Abp. Oscar. V. Cruz, DD
Views and Points
SPECIALLY this past summer, it was a repeated event, a frequent sight, a regular news item: Burning of houses and destruction of belongings, not to mention pitiful cries of people heard and a number of lives lost even. Gas leaks, bad electric connections, candles left burning and the like—such were the usual causes of such family loses and neighborhood disasters. But nothing really extraordinary was done by big-time public officials on the occasion of such big and repeated devastating phenomena. They were looked upon as but common occurrences, standard events that came about fast and likewise fast forgotten.
The usual response and customary reaction to such human miseries are the exactly the same and predictable. Some firemen come with their big trucks and a lot of fire hose—but little water. Women and children are seen crying and running around—without really knowing whom to call and where to go. Some men are noticed carrying some of their little family belongings, without being certain where to run to and what to do next. When a devastating fire is over after a couple of hours, there are the usual groups of charitable people that come with their donations of some food, used clothing, and the like.
During such occasions, though not always, there could this or that local public official who would make his appearance—such as the Barangay Captain—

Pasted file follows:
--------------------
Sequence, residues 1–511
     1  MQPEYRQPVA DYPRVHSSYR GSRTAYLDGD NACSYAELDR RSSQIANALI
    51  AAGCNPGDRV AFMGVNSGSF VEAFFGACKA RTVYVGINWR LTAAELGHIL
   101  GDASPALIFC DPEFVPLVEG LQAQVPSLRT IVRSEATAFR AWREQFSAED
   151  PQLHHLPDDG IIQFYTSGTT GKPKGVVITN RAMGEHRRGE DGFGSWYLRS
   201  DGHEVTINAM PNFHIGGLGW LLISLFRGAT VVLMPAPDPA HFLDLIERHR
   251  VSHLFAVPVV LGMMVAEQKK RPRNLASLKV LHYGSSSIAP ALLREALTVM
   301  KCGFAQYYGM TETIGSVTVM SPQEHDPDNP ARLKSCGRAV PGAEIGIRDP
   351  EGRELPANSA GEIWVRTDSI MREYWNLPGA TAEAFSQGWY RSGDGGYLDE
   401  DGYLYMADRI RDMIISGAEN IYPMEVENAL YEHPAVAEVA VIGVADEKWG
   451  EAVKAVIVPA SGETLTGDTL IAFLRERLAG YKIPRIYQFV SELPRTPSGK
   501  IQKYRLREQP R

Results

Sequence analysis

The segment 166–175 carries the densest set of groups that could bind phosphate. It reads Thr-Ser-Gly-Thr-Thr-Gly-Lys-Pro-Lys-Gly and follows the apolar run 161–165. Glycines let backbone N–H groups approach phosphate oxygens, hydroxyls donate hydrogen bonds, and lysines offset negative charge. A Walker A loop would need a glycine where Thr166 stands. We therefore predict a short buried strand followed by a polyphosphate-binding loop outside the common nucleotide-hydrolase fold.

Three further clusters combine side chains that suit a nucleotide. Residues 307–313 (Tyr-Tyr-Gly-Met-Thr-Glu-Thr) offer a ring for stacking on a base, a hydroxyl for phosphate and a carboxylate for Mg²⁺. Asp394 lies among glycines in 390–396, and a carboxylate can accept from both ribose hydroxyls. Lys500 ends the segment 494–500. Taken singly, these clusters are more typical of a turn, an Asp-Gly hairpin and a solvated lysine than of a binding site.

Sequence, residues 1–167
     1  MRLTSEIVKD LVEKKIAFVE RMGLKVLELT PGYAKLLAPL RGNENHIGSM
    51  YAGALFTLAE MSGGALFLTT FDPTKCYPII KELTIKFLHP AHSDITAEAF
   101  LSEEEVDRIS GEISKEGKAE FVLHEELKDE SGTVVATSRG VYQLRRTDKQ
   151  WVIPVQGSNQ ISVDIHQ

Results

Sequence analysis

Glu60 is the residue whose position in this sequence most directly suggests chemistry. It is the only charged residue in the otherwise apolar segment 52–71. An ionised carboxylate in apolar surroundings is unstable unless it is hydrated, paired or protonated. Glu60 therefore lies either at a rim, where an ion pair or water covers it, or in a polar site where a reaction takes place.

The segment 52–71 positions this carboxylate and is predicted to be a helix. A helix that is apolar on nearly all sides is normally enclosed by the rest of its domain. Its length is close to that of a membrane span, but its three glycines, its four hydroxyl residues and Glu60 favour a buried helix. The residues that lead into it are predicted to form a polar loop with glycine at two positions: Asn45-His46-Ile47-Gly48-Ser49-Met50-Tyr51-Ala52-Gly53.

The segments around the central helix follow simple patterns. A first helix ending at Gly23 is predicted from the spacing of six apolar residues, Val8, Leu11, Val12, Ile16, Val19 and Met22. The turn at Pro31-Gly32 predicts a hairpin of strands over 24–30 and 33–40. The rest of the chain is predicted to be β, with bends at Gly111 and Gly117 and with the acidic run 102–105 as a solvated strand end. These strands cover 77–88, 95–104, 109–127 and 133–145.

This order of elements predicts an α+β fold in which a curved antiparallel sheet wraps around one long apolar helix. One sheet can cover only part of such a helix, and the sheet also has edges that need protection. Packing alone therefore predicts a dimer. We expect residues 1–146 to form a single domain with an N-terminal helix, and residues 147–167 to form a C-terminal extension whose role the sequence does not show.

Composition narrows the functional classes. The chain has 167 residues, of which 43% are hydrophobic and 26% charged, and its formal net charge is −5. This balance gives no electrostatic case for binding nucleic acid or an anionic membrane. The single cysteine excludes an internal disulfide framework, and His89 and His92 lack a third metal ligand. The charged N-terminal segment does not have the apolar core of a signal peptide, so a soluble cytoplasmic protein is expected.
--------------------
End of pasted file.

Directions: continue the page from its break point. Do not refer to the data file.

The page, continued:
in order to show himself in public, to shake the hands of the fire victims, express his sympathy to them and that’s it. The explosions and destructions come to pass. The burning of houses and properties is forgotten. The loss of lives and limbs become “yesterday’s news.”
But lo and behold! There was but one explosion in a place of the wealthy and the famous. There was but one condo unit that was destroyed. Yet, lo and behold, nobody less than the President of the Philippines went to the site in order to see for himself what took place. Why? And there came also the elite government investigative agencies—with their well trained canine brigade—to inspect the place diligently and intensely and from top to bottom. Why? And weeks even went by in order to ascertain what, when, and how the explosion took place. Why?
There must be a pretty good and interesting reason for such a big and lasting preoccupation under the baton of the Commander-in-Chief himself—with all personnel resources and their costs at his command. What? He must have a big personal interest and preoccupation about the matter. What? There must be something in that specific condo unit blast that worried and disturbed him much. What?
Question, questions, and more questions.